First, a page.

One of our favorite blogs, TaxProf Blog has been chronicling this year’s stories in tax bringing us facts like how tax fraud is increasing by 181% this year and that the IRS is allowing kidnappers to take a dependent deduction for victims.
Our favorite story was about professional athletes. Did you know that twenty states require visiting athletes to pay state income tax for games played within the state? Reported in the L.A. Times and picked up by TaxProf Blog, it comes as no surprise that this is controversial as, in most cases, other highly paid professionals are not taxed for payments resulting from duties performed outside the home state. Imagine being Ichiro Suzuki, the highest paid player on the Seattle Mariners:
Athletes are taxed based on “duty days” they spend in each state. In baseball, there are approximately 181 “duty days,” meaning a player earning $1.81 million would make $10,000 each duty day. Therefore, if that player’s team had three games in California, he would be responsible for taxes on $30,000 of income.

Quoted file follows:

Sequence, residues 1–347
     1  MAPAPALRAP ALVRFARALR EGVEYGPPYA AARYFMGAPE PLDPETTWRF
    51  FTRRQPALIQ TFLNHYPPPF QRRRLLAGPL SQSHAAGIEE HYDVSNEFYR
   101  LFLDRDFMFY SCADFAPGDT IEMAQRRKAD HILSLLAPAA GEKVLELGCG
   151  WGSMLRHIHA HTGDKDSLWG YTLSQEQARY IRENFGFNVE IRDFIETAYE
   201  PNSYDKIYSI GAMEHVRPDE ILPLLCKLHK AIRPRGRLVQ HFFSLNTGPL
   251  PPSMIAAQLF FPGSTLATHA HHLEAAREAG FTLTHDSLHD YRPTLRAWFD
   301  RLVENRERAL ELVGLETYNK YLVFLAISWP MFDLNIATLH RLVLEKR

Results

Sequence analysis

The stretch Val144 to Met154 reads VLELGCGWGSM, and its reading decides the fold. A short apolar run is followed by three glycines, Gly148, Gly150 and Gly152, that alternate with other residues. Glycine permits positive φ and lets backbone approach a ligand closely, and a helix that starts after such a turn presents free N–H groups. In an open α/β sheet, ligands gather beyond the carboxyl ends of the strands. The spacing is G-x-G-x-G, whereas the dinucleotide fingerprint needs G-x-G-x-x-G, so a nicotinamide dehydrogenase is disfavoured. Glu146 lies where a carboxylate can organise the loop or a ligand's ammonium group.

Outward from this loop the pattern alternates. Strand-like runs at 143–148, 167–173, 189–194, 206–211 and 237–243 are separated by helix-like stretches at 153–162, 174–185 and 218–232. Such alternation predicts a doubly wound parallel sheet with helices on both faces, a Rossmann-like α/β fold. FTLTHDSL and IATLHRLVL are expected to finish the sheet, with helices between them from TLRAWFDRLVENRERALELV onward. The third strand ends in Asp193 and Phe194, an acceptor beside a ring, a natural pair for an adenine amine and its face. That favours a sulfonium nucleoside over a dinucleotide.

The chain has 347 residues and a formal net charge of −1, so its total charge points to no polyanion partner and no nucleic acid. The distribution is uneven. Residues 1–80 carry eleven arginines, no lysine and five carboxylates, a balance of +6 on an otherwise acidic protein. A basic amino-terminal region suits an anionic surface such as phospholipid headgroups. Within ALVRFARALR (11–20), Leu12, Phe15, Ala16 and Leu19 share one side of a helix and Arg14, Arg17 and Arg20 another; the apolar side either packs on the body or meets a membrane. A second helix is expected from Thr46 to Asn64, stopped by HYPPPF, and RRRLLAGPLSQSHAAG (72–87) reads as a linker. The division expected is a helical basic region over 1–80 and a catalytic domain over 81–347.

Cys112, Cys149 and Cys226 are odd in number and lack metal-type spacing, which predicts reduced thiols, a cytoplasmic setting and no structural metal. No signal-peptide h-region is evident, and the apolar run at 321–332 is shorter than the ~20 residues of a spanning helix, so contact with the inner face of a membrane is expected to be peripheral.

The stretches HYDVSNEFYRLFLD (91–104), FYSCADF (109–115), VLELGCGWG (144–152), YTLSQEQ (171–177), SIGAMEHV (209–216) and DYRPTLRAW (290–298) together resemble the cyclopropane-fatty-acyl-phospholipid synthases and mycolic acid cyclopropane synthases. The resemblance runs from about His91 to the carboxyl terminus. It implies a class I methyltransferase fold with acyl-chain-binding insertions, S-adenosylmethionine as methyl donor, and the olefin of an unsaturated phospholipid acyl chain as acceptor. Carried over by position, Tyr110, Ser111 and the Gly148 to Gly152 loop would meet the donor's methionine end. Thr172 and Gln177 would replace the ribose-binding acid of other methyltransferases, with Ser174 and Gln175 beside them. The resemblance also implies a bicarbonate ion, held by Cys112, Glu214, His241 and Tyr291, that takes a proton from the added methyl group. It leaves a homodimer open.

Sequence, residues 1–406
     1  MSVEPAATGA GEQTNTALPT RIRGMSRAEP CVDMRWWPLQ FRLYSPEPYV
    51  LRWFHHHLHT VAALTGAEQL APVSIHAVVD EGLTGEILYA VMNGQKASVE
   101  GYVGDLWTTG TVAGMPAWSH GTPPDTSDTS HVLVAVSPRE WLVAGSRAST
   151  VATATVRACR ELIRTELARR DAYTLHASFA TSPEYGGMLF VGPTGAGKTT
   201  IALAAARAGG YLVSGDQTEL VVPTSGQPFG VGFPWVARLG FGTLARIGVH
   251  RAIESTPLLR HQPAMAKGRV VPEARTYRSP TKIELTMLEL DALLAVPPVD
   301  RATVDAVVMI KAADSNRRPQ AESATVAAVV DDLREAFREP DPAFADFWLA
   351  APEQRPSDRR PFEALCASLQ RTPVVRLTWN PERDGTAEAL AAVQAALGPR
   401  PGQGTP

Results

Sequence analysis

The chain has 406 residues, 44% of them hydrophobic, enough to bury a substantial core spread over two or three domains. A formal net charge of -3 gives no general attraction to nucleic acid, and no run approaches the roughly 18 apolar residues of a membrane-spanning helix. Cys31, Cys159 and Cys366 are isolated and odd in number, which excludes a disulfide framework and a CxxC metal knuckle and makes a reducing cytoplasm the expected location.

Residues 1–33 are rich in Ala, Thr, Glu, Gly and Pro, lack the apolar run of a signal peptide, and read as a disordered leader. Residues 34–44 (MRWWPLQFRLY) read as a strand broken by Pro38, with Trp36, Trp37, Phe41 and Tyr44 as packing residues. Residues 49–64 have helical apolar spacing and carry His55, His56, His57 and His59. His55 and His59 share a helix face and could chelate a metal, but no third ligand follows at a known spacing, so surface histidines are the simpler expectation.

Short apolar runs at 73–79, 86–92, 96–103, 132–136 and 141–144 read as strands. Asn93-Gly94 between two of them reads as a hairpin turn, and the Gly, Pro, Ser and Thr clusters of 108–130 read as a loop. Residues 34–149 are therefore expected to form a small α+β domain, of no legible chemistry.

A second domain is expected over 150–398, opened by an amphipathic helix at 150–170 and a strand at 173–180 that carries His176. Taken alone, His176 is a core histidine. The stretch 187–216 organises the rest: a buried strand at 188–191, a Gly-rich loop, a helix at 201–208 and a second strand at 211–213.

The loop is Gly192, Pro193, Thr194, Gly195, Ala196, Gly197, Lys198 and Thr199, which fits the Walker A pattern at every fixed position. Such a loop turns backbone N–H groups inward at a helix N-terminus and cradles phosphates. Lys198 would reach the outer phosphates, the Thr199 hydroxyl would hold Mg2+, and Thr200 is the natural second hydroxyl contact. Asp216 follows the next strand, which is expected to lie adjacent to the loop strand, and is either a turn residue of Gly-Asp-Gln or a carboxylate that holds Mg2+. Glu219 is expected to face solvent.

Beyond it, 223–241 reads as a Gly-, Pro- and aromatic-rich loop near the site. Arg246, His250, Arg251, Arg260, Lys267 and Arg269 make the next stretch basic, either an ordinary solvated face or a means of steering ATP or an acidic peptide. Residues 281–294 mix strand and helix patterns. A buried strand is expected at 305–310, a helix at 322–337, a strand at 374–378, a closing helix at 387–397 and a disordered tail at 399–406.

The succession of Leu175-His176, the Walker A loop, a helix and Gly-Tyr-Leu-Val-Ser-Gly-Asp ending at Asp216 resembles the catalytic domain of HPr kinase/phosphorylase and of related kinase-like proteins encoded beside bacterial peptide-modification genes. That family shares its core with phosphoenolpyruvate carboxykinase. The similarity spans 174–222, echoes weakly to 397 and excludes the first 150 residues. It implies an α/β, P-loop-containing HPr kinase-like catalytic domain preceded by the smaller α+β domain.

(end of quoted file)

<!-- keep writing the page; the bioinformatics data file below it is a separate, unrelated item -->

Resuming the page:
At that point, all the tax collectors have left is a math problem to figure out that Ichiro Suzuki, the highest-paid baseball player in Washington, a tax-free state, will have to pay more than $218,000 in California taxes for the 25 games the Mariners will play there this summer.
Finally, if you haven’t already seen it, here’s a fun tool: plug in amounts you paid for social security tax, medicare tax, and income tax and learn how much you contributed to national projects. For example, if you paid $20,000 in taxes this year, you contributed $140 to NASA. Check out your tax day receipt here.